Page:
In closing, each panelist was asked to give final comments on CMBS and special servicing. Meister worried about the U.S. debt trajectory, noting a similarity with Greece’s debt levels in 2009. The current debt overhang means there is a likelihood of rising interest rates in the future. Lubin expected more refinancings and performing loans, but also more maturity defaults. The aforementioned rise in rates would exacerbate this problem. Lieber noted the lack of any significant shocks in 2012 despite the looming fiscal cliff, but is keeping his fingers crossed looking forward.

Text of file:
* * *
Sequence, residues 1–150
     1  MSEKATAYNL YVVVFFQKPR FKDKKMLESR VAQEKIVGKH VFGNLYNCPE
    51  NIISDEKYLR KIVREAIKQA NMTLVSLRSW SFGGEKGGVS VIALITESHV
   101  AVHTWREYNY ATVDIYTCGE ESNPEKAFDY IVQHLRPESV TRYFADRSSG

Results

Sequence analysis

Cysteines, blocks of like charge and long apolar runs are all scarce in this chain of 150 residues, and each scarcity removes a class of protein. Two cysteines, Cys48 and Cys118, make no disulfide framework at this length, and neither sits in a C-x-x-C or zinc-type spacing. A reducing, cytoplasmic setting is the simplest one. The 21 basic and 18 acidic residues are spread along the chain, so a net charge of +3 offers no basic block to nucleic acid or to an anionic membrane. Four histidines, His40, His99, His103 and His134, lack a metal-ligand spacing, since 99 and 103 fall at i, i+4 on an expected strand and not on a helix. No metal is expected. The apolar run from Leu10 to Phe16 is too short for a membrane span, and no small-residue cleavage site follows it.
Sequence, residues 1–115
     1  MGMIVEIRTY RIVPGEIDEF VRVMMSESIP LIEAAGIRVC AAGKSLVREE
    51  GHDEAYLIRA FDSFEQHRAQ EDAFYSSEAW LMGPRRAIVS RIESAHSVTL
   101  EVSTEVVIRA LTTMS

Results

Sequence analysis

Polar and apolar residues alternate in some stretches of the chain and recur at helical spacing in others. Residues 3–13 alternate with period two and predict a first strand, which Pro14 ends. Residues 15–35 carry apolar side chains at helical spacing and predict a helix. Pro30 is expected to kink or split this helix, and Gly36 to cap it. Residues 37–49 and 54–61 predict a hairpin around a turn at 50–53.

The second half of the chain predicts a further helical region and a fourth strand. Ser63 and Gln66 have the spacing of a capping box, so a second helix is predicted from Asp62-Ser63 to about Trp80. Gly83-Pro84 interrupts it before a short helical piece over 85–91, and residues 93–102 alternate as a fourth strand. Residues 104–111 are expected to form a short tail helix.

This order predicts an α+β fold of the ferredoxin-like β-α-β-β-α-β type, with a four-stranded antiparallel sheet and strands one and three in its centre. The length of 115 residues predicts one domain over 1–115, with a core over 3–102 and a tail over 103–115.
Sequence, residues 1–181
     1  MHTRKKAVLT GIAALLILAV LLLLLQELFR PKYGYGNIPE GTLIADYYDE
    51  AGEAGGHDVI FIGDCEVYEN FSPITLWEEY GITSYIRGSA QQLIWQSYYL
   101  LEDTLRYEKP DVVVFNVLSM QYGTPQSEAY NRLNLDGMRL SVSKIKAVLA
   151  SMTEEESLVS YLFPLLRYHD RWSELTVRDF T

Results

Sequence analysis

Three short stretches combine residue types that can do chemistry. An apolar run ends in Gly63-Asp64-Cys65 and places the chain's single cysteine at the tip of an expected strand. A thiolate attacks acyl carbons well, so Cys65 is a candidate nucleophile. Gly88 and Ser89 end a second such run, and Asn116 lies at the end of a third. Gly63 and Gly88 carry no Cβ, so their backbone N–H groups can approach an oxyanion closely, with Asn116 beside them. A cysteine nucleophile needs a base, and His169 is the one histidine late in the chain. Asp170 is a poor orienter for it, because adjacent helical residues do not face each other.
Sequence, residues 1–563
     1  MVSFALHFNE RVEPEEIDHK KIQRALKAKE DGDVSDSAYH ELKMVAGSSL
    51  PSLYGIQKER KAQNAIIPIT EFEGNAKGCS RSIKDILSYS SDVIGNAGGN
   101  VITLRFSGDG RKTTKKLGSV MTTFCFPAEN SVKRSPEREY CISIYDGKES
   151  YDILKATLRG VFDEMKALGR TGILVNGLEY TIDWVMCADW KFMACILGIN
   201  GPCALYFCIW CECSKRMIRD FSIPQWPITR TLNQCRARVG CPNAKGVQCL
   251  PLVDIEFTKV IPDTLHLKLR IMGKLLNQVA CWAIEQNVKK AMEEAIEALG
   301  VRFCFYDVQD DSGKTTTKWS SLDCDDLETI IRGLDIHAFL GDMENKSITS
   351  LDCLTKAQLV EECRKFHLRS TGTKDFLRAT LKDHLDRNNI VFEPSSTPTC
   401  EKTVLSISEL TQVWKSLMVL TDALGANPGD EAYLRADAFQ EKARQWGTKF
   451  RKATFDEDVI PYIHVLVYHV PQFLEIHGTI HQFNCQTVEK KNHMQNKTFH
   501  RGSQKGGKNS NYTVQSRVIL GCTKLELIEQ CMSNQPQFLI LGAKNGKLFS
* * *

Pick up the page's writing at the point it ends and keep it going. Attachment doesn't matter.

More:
The fifth annual Real Estate Symposium took place on December 4, 2012, at Columbia University’s Faculty House, with more than 180 alumni representing classes from 1961 to 2012. Please visit the event page for more details and reports on other speakers. Hosted by the Paul Milstein Center for Real Estate and the Real Estate Circle of Columbia Business School, the Real Estate Symposium is an annual educational forum that brings together accomplished Columbia Business School alumni and top industry leaders for a broad-based discussion of topical issues, high-profile transactions, trends, and challenges facing the real estate industry.